Ukraine, as I mentioned already, has had a rollercoaster of a ride through the last ten years. But what is worrisome is not only the war in Donbas, or the illegal annexation of Crimea – which are huge problems – but also the fact that Ukraine is now Europe’s poorest country. The economic component of the association and free trade agreements clearly have not delivered for Ukraine.
We also have the issue of mass migration from this region – mostly for economic reasons. We can look at the Polish city of Wroclaw, where the number of Ukrainians has reached 10 per cent of the population – according to official statistics. Other countries like Moldova or Armenia have also experienced massive emigration – where young people feel very pessimistic about any futures in their homeland.
Then there are the three states which are not associated with the European Union – Armenia, Azerbaijan and Belarus. Armenia is an interesting case because it signed a special agreement – a water-downed version of the association agreement – with the EU. But moreover, was last year’s Velvet Revolution – a completely unexpected fall of the corrupt elite and a replacement with Nikol Pashinyan and hopes for a new path for the country. What is more – is that most commentators agree that the Velvet Revolution in Armenia had very little to do with the EU and the Eastern Partnership. Change was driven largely by domestic issues and not by any desire towards greater Europeanisation.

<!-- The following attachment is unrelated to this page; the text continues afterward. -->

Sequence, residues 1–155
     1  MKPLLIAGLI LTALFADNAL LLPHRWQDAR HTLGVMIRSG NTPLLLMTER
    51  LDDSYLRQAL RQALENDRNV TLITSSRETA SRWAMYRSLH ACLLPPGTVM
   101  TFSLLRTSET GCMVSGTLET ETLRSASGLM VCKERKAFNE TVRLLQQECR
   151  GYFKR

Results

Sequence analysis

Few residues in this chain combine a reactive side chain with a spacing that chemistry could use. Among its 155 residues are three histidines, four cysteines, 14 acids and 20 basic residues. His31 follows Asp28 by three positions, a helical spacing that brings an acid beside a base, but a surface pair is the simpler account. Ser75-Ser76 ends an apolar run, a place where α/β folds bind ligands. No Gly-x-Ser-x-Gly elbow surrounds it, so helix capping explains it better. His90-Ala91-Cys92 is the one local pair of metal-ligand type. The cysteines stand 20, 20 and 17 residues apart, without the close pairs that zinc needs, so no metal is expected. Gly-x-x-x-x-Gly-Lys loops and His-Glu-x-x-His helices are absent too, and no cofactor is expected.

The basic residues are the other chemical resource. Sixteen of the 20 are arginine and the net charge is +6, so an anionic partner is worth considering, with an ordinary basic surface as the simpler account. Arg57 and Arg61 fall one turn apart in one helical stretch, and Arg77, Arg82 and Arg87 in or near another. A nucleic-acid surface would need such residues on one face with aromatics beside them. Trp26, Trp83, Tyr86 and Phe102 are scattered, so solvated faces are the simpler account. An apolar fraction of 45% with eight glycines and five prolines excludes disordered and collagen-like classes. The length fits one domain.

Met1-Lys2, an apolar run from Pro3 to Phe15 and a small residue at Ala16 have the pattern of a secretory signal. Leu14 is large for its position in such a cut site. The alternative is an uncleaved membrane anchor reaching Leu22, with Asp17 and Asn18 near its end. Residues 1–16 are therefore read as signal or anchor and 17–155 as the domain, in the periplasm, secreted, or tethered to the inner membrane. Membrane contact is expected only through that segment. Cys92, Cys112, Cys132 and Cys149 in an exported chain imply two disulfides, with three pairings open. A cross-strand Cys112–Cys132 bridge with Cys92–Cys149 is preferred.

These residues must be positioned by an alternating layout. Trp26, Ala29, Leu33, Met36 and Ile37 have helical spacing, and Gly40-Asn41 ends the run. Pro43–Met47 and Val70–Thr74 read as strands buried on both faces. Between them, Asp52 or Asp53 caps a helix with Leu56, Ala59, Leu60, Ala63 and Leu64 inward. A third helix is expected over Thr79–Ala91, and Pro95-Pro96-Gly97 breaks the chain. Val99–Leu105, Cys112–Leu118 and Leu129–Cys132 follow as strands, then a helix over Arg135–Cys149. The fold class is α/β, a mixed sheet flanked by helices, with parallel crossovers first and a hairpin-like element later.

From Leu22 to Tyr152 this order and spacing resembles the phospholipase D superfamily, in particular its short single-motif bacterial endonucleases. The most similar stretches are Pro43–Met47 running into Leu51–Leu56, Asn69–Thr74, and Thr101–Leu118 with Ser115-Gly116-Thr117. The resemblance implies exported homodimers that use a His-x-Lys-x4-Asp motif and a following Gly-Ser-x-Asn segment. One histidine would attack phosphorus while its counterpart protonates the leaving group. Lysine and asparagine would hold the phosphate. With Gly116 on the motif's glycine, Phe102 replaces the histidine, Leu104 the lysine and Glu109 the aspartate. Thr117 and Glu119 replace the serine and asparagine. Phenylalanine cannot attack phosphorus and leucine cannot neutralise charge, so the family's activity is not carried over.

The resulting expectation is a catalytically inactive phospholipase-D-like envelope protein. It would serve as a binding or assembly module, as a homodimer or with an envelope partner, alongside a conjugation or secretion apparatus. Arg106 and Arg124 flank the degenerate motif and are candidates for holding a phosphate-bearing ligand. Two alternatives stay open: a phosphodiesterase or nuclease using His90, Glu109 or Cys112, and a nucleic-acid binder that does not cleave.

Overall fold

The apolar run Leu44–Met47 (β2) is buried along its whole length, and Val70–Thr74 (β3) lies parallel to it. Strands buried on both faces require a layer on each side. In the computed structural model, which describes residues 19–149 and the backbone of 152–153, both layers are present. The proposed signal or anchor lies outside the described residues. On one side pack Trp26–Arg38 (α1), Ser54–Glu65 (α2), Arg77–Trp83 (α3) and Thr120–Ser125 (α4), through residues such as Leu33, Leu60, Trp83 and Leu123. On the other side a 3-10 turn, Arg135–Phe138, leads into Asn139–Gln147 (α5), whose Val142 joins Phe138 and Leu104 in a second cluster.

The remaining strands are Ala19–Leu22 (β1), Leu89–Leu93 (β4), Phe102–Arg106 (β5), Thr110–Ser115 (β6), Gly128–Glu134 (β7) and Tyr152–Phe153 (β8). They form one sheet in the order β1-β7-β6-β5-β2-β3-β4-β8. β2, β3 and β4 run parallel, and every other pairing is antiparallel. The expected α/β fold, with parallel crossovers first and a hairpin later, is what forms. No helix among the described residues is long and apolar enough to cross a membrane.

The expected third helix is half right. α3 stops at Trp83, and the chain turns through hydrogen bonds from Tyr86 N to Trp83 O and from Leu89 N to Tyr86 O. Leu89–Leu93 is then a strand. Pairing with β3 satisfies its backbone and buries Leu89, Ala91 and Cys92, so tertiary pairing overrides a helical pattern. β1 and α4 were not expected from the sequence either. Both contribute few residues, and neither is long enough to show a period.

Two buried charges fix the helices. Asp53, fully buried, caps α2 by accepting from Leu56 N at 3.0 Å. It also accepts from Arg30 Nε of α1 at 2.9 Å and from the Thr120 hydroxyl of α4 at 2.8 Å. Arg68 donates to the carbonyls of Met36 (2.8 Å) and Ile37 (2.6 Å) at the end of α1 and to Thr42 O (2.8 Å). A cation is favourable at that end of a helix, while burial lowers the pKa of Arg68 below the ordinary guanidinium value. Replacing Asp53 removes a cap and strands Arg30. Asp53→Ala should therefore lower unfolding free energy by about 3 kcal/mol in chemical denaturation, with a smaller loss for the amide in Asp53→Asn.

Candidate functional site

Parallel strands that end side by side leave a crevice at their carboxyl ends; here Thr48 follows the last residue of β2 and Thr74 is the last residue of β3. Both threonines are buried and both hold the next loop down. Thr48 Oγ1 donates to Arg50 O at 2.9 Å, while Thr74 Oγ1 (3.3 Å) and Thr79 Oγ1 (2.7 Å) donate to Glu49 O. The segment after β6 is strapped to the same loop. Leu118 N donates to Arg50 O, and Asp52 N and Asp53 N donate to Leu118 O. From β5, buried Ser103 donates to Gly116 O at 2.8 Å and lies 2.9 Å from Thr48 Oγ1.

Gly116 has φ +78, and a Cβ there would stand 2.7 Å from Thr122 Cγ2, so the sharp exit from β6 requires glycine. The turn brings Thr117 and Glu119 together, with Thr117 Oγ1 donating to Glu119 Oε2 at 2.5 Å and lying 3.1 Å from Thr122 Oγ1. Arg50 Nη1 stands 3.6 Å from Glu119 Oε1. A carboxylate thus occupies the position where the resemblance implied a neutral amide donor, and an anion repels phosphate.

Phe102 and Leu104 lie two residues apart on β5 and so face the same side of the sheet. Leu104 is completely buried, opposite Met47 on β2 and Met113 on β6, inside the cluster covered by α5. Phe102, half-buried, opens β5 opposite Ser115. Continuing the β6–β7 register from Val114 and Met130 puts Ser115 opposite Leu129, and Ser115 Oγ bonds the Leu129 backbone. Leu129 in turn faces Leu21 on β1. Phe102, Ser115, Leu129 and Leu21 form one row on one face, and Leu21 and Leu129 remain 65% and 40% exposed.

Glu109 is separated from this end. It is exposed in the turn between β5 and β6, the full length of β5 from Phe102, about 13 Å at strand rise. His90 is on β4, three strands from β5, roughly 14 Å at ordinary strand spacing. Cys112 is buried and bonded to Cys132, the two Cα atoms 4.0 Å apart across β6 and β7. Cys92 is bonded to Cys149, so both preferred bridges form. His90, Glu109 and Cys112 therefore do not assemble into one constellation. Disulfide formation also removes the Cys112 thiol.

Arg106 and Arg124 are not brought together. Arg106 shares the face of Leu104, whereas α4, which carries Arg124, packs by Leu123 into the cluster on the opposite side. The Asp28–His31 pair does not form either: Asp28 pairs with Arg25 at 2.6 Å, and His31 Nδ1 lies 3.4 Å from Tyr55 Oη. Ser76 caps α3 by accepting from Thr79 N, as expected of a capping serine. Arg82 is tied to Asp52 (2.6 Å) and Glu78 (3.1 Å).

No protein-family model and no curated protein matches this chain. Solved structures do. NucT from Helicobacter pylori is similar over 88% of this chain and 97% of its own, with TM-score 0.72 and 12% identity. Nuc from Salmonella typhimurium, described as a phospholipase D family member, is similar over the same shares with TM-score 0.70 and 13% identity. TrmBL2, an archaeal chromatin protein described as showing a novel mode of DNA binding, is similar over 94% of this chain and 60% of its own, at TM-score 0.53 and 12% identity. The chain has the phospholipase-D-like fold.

Another challenge is the fact that two members of the Eastern Partnership are members of the Russian-led Eurasian Economic Union – Belarus and Armenia. No one has really asked what that means for the bigger picture of the Eastern Partnership. Clearly, this issue needs to be addressed when thinking about a renewed Eastern policy.
Azerbaijan, in turn, has declared it has no intention of integrating with Europe and prefers a pragmatic, strategic co-operation, while Belarus is largely connected to Russia; though it has given signals that it wants to open up a little more to the West; but nothing along the lines of the other states.
Finally, we need to mention relations with Russia. The outbreak of the war in Ukraine as a response to the ousting of Yanukovych has sent shockwaves throughout EU capitals. There is a sense in many EU states that the EU should not be so active in the region, because of a fear of Russian response – which in essence implies a recognition of the region as part of Russia’s sphere of influence. This is a very dangerous approach. And it was always stated from the beginning that the Eastern Partnership is not an anti-Russian project; but this is how the Kremlin interprets it, which has expressed a willingness to use military force to stop countries’ desire to be more integrated with the EU.